Archivio, ii, pp. 21-25. Palermo, 1883. Novelle popolari Sarde by P. E. Guarnerio. (Told by Speranza Satta of Sassari, Sardinia, who cannot read or write, and transcribed by Prof. Guarnerio, with the help of Antonio Cottoni, also of Sassari.)
II. "MARIA INTAURADDA."
Deathbed promise--(Deceased wife's ring test)--Unnatural father--Fate aid. Heroine's fate, or fortune, hears her lament and assists her--Countertasks--Magic dresses (supplied by devil, as gentleman)--Heroine disguise (wooden dress)--(Heroine flight); her fate transports her to house of another king--Menial heroine (has charge of horses in stable)-- her name is "Mary Wainscotted"-- King's son threatens her with (1) spurs, (2) saddle, (3) whip--Meeting place (fête)--Token objects named--Threefold flight (fate transports her)--Lovesick prince--Recognition food contains diamond [ring] given heroine at third ball.--Happy marriage.
(1) A king is left a widower. His dying wife gave him a diamond [ring], and bade him marry whomsoever it would fit.-- (2) His only daughter tries it on; it fits her well, and father says he must marry her.-- (3) Heroine in despair goes weeping to her room, and crying "My fate, my fate!" Her fate (or fortune) appears to her, and bids her demand from father a robe of golden bells. A gentleman (explained by story-teller as the Devil) comes to perplexed father and asks what troubles him, and undertakes to supply the robe of bells, and says king may command him should he want more.-- (4) Heroine weeps when father gives her the robe, and, counselled by her fate, asks him for one in which are the sun and the moon. This is provided in the same manner, and heroine next asks for a robe with as many fish as are in the sea.-- (5) On receiving this she weeps anew, and calls on her fate, who now bids her go to the wood-cutter and let him make her a dress of nothing but wood, with hinges.-- (6) Wood-cutter makes the dress, and her fate takes heroine to another king's house, where she is engaged as servant-girl in the stable to look after the horses. Heroine says her name is "Maria Wainscotted". Every day she gets the horses ready for the king's son. Every time she goes out the king's son passes. "Is it my turn, your Majesty?" "I'll strike you a blow with the spurs."--(7) He goes to a fete, and heroine's fate dresses her quickly in the robe of golden bells, and takes her straight to where he is. Whilst dancing with her he asks whence she comes. "From the City of the Spurs." "My father is king, and I have never heard mention of that city." The fate takes her home before the king's son. When he returns, heroine says, "You wouldn't take me, then?" "It is someone else than you whom I have seen dancing."-- (8) When he is going to another festival she says, " Is it my turn?" And he: "I will strike you a blow with the saddle." The fate takes her, differently clad, to where he is. He is pleased, and asks whence she comes. "From the City of the Saddle." "My father is king," etc. All at once the fate takes her back before the king's son returns. "You wouldn't take me, then?" He rejoins as before.-- (9) He is starting to another festival, and she says, ''Isn't it my turn?" "I'll strike you with the whip." Her fate dresses her in the robe with the fishes, and whilst dancing she comes to the king's son, and, to his inquiry, answers, "I come from the City of the Whip." "My father is king," etc. As they dance he gives her a diamond [ring]. Suddenly the fate takes her home before he comes. "You wouldn't take me, then?" she says. "I have seen someone else than you."-- (10) Meantime he falls sick, and that poor thing is always down in the stable. He will eat nothing, and she hears of it, and begs of the queen "Let me cook the food and he will eat it." She cooks the food, and puts the diamond into it; and he has scarce taken two mouthfuls when he finds it. "Who has cooked this food?" His mother is frightened. "Mamma's darling, I have cooked it for you." This he will not believe, and at length he learns that Maria Wainscotted has cooked it. "Let her come up." The fate takes her, and puts on the best dress she has. He recognises her, and they are married.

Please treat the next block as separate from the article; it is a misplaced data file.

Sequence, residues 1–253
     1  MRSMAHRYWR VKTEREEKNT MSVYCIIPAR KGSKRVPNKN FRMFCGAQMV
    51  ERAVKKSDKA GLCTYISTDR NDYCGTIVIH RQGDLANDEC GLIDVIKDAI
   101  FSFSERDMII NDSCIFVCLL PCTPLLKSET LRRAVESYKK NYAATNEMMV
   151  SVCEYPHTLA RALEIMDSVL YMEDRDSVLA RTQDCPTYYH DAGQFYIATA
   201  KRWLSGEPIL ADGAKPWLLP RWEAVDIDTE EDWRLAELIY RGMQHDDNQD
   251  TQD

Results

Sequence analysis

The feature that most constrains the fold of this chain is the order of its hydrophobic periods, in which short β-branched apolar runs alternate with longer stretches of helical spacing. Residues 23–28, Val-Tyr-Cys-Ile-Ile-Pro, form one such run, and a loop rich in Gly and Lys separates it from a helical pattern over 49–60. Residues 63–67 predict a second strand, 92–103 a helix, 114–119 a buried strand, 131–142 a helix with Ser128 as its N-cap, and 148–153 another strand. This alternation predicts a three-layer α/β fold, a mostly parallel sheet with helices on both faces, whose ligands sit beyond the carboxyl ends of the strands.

Cox, Marian Roalfe. Cinderella: Three Hundred and Forty-five Variants of Cinderella, Catskin, and Cap O' Rushes, abstracted and tabulated. London: David Nutt for the Folklore Society, 1893.
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